Lending scams are the top risk for elderly people

China's first and so far only elder court, which is affiliated to Jing'an District, accepted 492 private lending dispute cases in the first nine months of this year.

Private lending scams have become the top risk for elders, partly due to the booming yet flawed peer to peer (P2P) loans industry, according to the country’s first and so far only "elder court."

In the past three years, nearly a third of disputes accepted by the court, which is affiliated to Jing’an District People’s Court, concerned private lending. And there is an increasing trend of elderly people falling victims to private lending.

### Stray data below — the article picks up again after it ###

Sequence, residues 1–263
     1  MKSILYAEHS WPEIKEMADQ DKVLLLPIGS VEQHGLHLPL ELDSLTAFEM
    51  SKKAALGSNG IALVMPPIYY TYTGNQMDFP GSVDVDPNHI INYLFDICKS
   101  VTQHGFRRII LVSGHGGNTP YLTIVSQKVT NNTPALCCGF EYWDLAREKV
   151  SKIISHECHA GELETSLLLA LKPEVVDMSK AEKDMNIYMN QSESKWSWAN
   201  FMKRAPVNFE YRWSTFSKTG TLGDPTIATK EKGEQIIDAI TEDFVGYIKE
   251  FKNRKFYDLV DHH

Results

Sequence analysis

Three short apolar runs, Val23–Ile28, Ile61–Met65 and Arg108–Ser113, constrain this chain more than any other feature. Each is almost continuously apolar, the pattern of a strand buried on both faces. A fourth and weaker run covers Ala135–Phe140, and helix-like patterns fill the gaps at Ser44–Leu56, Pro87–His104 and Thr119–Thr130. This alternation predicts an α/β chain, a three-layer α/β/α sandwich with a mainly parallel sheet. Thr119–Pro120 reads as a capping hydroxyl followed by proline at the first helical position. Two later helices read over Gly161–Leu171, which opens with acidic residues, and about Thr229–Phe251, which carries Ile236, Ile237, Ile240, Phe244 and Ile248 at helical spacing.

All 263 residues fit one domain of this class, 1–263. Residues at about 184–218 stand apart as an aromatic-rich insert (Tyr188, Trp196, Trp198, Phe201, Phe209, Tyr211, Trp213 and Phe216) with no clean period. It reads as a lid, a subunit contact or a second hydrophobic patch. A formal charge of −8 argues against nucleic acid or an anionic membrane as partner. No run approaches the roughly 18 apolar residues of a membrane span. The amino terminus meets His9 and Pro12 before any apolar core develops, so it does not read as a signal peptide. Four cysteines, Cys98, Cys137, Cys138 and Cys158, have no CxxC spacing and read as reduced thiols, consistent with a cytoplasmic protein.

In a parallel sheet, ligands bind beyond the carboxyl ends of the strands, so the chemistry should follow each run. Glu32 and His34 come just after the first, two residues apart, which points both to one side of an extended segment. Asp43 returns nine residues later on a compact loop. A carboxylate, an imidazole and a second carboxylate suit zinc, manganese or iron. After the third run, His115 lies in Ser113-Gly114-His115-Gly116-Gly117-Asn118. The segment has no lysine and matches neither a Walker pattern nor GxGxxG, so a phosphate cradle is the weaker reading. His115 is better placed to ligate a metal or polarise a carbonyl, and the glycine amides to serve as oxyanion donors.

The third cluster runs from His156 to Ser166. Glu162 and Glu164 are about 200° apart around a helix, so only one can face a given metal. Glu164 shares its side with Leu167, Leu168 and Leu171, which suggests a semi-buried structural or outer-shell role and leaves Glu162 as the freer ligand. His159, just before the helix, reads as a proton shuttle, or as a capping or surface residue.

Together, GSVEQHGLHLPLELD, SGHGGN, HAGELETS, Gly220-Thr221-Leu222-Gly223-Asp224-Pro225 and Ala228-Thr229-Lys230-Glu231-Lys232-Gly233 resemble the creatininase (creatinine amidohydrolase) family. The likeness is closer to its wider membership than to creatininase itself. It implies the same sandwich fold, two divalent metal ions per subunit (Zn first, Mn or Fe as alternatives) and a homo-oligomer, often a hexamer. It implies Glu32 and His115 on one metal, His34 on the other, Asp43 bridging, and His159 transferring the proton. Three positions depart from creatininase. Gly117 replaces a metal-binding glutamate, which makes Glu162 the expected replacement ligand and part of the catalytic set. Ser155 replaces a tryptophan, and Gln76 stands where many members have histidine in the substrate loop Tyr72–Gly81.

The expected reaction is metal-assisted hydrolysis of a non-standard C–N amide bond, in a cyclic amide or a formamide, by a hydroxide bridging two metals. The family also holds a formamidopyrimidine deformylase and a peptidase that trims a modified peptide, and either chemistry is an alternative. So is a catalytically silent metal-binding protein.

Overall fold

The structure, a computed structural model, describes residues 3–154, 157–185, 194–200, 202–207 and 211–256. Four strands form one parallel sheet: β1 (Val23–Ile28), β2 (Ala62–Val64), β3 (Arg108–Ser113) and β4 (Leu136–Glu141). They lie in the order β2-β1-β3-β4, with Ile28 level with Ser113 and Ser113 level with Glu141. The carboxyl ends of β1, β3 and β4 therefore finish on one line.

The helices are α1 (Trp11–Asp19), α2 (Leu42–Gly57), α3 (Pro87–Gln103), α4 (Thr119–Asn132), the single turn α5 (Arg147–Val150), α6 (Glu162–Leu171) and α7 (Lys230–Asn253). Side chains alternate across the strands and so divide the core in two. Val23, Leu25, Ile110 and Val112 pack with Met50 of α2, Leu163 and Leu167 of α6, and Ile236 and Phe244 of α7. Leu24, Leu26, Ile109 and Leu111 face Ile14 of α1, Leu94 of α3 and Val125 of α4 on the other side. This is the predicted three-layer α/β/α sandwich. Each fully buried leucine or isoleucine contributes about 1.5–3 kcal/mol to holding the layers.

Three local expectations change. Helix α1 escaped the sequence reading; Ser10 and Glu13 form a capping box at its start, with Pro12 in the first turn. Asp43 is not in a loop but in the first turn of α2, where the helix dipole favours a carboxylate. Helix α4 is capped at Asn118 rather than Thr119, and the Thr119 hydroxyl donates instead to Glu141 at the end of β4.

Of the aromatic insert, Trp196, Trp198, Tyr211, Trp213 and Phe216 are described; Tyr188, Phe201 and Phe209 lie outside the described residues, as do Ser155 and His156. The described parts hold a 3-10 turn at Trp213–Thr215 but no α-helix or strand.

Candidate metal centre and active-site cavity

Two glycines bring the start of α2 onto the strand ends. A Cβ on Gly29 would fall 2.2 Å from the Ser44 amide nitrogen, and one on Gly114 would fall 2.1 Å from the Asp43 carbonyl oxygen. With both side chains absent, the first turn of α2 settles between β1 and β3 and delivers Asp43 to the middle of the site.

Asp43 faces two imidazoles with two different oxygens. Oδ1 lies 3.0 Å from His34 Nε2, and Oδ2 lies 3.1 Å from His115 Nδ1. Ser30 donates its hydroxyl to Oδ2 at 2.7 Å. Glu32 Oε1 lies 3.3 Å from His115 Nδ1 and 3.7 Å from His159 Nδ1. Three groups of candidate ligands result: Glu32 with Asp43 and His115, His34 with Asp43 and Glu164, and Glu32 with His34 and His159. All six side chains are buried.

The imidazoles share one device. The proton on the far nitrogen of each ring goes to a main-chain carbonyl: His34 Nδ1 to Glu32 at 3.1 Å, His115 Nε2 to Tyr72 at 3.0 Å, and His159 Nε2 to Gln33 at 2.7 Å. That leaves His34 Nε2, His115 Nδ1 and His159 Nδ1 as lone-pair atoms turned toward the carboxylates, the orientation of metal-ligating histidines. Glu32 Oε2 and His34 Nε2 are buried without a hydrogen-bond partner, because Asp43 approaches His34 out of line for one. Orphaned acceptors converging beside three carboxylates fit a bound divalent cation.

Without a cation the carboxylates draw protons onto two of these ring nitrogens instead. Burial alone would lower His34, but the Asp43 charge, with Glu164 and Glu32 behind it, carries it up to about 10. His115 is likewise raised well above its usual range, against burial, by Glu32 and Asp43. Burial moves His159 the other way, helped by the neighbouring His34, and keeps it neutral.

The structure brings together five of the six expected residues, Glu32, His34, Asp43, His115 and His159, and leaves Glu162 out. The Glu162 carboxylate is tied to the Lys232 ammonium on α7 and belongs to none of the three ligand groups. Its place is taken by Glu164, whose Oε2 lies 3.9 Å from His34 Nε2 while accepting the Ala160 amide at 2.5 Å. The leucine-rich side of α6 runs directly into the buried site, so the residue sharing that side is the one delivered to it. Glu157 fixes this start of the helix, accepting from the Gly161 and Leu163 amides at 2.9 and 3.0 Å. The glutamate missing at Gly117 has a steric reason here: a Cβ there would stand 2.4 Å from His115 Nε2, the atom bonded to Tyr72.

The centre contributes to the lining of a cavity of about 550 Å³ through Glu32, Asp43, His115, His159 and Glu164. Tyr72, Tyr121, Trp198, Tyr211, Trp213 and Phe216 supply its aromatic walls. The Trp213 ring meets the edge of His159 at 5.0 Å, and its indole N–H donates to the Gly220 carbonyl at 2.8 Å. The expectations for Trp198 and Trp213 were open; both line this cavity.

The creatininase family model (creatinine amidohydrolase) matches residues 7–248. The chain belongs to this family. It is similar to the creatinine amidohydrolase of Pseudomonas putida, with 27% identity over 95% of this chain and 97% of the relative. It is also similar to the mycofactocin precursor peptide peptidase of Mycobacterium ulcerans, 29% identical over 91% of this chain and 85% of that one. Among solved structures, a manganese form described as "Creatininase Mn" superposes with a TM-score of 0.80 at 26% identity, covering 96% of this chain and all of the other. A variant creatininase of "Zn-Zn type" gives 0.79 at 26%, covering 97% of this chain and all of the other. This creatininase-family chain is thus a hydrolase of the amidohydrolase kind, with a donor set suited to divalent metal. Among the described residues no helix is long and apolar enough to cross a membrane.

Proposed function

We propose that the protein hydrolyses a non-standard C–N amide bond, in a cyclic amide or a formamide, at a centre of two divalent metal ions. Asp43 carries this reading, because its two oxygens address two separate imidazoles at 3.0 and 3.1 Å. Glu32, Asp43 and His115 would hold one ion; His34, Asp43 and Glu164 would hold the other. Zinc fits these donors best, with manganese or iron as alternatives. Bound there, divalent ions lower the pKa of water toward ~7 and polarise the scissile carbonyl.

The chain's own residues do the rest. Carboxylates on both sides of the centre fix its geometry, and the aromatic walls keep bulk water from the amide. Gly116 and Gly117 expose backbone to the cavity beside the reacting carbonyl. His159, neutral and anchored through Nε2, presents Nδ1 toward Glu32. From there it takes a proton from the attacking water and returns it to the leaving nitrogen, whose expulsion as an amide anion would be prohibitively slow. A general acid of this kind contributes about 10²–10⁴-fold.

The elder court, which was set up in March 1994, accepted 133 private lending disputes in 2015, and the number rocketed to 492 in the first nine months this year, it said.

Last year, Shanghai prosecutors accepted 309 cases of illegal public savings pooling, three times as many as in 2015. The rapid development of Internet finance is driving the dramatic increase in illegal fund-raising, according to an earlier report by Shanghai People’s Procuratorate.

Elders are particularly susceptible to these scams because they are more easily tempted by the so-called high returns, and they borrow money from relatives, neighbors and friends to invest, the court said.

Also, senior citizens often find themselves caught up in disputes about inheritance as housing prices have soared in recent years, the court said.

Downtown Jing’an, which has many old residential complexes, has 326,500 residents aged 60 or over, accounting for nearly 35 percent of the district’s population.

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